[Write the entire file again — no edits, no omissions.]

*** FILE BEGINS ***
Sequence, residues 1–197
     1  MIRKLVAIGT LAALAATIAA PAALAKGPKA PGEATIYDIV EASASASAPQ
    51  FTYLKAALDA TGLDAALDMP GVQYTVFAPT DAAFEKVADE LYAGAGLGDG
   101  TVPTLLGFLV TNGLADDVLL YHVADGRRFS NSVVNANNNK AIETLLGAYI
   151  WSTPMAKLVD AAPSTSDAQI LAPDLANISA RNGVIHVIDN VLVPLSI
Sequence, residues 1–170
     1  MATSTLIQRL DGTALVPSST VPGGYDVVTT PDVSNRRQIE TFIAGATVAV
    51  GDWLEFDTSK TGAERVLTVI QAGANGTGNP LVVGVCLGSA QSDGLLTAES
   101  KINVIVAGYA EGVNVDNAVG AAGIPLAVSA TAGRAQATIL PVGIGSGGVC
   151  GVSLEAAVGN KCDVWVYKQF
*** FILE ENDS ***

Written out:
Sequence, residues 1–197
     1  MIRKLVAIGT LAALAATIAA PAALAKGPKA PGEATIYDIV EASASASAPQ
    51  FTYLKAALDA TGLDAALDMP GVQYTVFAPT DAAFEKVADE LYAGAGLGDG
   101  TVPTLLGFLV TNGLADDVLL YHVADGRRFS NSVVNANNNK AIETLLGAYI
   151  WSTPMAKLVD AAPSTSDAQI LAPDLANISA RNGVIHVIDN VLVPLSI
Sequence, residues 1–170
     1  MATSTLIQRL DGTALVPSST VPGGYDVVTT PDVSNRRQIE TFIAGATVAV
    51  GDWLEFDTSK TGAERVLTVI QAGANGTGNP LVVGVCLGSA QSDGLLTAES
   101  KINVIVAGYA EGVNVDNAVG AAGIPLAVSA TAGRAQATIL PVGIGSGGVC
   151  GVSLEAAVGN KCDVWVYKQF